Effect of the interaction between diet composition and the PPM1K genetic variant on insulin resistance and β cell function markers during weight loss: results from the Nutrient Gene Interactions in Human Obesity: implications for dietary guidelines (NUGENOB) randomized trial

Research output: Contribution to journalJournal articleResearchpeer-review

Standard

Effect of the interaction between diet composition and the PPM1K genetic variant on insulin resistance and β cell function markers during weight loss: results from the Nutrient Gene Interactions in Human Obesity: implications for dietary guidelines (NUGENOB) randomized trial. / Goni, Leticia; Qi, Lu; Cuervo, Marta; Milagro, Fermín I; Saris, Wim H; Macdonald, Ian A; Langin, Dominique; Astrup, Arne; Arner, Peter; Oppert, Jean Michel; Svendstrup, Mathilde; Blaak, Ellen; Sørensen, Thorkild I. A.; Hansen, Torben; Martinez, J Alfredo.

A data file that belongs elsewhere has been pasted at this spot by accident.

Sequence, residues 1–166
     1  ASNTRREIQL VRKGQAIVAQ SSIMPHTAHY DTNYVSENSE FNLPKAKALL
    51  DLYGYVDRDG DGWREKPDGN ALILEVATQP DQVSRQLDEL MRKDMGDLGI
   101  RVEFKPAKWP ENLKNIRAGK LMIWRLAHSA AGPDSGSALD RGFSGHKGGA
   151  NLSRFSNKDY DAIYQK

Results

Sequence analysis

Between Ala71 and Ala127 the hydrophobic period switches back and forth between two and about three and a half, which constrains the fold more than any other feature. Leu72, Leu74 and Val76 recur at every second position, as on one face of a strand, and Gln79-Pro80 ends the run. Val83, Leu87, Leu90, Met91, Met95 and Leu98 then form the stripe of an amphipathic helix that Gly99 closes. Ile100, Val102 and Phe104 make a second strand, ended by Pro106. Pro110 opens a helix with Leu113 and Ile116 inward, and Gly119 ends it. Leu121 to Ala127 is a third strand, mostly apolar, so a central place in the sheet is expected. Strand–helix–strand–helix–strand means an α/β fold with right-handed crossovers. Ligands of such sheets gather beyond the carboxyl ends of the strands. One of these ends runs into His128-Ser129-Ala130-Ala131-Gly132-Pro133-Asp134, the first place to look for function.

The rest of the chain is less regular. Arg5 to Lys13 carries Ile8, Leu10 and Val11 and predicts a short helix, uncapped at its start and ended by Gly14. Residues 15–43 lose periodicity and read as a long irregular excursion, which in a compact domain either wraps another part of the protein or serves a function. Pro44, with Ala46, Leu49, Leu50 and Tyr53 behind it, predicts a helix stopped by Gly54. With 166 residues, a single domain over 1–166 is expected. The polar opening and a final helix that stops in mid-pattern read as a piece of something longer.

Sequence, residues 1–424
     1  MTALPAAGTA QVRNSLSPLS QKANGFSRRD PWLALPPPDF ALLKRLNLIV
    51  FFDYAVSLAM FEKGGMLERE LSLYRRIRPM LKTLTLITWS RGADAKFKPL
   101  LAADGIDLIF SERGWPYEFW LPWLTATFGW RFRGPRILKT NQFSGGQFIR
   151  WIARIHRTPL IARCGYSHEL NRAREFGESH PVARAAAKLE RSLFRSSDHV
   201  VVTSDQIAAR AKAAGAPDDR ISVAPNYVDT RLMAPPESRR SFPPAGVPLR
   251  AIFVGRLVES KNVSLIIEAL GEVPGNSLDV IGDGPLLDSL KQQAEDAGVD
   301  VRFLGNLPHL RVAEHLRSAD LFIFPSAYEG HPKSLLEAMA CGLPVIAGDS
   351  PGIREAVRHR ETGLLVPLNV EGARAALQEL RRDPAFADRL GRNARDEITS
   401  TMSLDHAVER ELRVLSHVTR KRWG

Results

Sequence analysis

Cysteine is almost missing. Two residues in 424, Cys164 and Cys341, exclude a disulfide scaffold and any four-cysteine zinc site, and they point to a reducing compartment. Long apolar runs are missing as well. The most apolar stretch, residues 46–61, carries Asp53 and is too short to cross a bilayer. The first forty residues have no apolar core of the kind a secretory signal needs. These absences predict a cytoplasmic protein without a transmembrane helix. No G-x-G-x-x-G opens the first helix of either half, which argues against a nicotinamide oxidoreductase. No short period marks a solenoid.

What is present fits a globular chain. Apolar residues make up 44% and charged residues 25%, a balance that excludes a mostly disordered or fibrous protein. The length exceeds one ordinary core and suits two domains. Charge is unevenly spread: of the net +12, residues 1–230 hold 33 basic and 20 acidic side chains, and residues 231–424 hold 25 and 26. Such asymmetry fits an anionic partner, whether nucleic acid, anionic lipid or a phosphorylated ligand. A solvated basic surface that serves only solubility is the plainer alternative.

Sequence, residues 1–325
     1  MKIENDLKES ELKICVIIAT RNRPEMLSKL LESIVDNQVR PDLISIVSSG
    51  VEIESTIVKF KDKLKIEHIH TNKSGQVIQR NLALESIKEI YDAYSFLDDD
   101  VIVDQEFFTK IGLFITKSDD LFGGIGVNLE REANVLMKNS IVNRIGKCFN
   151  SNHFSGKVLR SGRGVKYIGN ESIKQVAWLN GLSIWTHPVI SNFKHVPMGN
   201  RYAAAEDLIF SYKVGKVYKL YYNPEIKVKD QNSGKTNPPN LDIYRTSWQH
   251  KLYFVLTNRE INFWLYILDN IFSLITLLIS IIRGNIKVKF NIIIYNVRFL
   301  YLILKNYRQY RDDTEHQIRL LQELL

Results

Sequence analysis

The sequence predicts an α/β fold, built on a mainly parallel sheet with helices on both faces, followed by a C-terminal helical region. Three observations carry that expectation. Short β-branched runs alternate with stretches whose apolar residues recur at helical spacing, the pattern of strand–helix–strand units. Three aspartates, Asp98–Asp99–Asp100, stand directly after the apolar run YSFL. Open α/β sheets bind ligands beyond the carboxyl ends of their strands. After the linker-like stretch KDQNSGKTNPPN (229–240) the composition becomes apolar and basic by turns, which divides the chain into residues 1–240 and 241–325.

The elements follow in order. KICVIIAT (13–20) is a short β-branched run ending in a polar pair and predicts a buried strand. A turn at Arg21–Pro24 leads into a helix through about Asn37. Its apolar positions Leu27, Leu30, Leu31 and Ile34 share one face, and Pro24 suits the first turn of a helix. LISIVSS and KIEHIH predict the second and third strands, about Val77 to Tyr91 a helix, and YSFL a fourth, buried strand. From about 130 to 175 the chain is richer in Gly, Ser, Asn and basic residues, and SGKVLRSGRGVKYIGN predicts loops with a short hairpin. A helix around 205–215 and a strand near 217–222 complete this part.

In: American Journal of Clinical Nutrition, Vol. 106, No. 3, 2017, p. 902-908.

Research output: Contribution to journalJournal articleResearchpeer-review

Harvard

Goni, L, Qi, L, Cuervo, M, Milagro, FI, Saris, WH, Macdonald, IA, Langin, D, Astrup, A, Arner, P, Oppert, JM, Svendstrup, M, Blaak, E, Sørensen, TIA, Hansen, T & Martinez, JA 2017, 'Effect of the interaction between diet composition and the PPM1K genetic variant on insulin resistance and β cell function markers during weight loss: results from the Nutrient Gene Interactions in Human Obesity: implications for dietary guidelines (NUGENOB) randomized trial', American Journal of Clinical Nutrition, vol. 106, no. 3, pp. 902-908. https://doi.org/10.3945/ajcn.117.156281

APA